Objectives: Intergenerational educational mobility can be particularly relevant for smoking because it implies moving from individuals' family background to a new position in the social hierarchy. Existing research, however, does not provide an answer as to how the process of mobility, per se, is associated with the likelihood of smoking. Study design: We used cross-nationally comparable survey data for 20 countries collected within the health module of the European Social Survey in 2014. The analytical sample consisted of 22,336 respondents aged 25–64 years. Methods: Smoking was operationalized by daily and occasional smoking, while the intergenerational educational mobility variable was derived from a comparison of respondents' and their parents' highest levels of educational attainment. We employed diagonal reference models to examine the association of intergenerational educational mobility and smoking. Results: In the country- and age-adjusted analysis, intergenerational downward mobility was associated with odds ratios of 1.34 (CI95 1.07, 1.68) and 1.61 (CI95 1.34, 1.93) for smoking, respectively, among men and women. Intergenerational upward mobility, on the other hand, was negatively associated with smoking but only among women. Conclusion: Our findings provide new evidence that the process of intergenerational educational mobility is associated with individuals' likelihood of smoking and that this effect cannot be explained by conventional covariates of smoking.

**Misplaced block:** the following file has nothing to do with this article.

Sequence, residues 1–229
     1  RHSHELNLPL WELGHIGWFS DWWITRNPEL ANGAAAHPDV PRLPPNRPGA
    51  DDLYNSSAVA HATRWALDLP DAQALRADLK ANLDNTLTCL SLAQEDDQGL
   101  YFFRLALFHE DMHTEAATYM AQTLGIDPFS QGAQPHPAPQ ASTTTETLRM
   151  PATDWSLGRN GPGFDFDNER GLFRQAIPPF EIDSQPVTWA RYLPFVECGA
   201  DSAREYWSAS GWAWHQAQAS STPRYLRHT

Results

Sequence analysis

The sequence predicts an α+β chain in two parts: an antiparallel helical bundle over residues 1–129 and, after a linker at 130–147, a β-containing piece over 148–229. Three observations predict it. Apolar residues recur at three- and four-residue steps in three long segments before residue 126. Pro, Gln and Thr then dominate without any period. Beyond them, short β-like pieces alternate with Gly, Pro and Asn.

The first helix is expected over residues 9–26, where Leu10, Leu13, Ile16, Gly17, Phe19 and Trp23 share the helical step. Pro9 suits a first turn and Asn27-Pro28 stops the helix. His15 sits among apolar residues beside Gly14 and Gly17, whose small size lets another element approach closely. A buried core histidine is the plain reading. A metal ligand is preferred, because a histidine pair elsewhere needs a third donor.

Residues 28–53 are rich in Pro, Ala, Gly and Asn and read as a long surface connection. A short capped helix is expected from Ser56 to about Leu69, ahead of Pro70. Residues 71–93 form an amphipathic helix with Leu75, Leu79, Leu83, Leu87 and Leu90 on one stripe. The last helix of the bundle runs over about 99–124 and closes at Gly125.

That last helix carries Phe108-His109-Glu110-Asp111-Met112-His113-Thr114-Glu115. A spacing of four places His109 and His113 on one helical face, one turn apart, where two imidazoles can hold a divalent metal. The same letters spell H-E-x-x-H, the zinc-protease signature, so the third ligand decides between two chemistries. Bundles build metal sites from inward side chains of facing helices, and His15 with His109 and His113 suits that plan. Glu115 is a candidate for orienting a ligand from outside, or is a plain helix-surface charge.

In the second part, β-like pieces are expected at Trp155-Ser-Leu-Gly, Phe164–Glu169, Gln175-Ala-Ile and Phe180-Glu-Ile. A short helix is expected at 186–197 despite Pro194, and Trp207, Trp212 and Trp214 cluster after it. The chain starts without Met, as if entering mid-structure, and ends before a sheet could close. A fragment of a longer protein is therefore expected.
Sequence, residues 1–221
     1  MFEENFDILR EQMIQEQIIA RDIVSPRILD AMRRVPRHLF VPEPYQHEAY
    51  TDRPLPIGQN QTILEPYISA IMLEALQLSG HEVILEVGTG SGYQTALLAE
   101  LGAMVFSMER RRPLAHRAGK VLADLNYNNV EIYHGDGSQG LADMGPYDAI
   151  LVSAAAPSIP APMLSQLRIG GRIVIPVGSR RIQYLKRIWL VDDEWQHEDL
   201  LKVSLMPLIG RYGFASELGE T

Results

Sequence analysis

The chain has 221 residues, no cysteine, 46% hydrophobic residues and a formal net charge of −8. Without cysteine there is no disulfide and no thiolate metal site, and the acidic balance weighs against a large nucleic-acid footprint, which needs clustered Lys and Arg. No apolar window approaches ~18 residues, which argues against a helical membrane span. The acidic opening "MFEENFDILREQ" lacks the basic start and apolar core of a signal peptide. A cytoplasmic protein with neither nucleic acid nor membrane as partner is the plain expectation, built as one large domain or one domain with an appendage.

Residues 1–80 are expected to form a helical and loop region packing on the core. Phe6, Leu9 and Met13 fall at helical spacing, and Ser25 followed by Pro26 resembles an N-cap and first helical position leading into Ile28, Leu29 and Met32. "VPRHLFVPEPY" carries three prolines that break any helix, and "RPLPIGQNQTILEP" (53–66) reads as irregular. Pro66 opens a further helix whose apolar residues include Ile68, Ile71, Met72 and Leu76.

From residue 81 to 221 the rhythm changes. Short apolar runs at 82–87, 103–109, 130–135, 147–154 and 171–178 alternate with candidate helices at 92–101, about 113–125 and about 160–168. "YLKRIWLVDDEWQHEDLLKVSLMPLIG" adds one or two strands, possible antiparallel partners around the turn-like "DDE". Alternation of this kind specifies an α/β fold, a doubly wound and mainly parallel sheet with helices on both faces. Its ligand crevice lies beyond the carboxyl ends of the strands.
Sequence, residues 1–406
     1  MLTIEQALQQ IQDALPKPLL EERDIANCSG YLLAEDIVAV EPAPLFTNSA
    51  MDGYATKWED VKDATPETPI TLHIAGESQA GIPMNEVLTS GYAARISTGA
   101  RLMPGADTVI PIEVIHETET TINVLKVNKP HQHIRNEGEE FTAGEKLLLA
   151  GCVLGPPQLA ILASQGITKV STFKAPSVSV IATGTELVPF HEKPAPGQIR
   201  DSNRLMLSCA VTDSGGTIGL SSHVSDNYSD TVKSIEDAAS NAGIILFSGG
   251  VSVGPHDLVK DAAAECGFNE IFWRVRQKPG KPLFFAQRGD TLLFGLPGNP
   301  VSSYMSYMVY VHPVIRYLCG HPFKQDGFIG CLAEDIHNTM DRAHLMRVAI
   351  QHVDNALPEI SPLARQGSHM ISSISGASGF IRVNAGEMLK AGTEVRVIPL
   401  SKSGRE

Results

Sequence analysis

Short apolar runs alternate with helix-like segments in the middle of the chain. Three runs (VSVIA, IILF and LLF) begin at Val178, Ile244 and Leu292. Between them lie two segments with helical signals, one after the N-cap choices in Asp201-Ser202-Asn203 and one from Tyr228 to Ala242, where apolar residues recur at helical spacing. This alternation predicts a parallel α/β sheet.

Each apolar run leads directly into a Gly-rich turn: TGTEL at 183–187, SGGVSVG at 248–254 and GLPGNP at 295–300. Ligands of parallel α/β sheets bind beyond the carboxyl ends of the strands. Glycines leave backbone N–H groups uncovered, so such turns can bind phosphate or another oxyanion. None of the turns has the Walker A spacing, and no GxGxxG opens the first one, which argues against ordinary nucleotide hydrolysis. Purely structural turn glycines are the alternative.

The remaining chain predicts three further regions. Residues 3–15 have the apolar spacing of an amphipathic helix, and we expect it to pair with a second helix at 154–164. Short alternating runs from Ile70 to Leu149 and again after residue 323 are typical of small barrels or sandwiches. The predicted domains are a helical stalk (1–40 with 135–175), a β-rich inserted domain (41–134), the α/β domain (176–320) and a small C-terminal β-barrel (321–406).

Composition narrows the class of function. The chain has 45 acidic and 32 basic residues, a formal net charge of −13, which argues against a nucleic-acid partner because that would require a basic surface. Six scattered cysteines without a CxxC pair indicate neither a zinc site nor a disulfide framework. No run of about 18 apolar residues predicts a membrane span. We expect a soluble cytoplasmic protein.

Bibliographical noteFunding Information:
Authors acknowledge financial support from the Oxford University Press John Fell Fund–reference number 162/037. The sponsor did not play any role in study design; in the analysis and interpretation of data; in the writing of the report; and in the decision to submit the article for publication.
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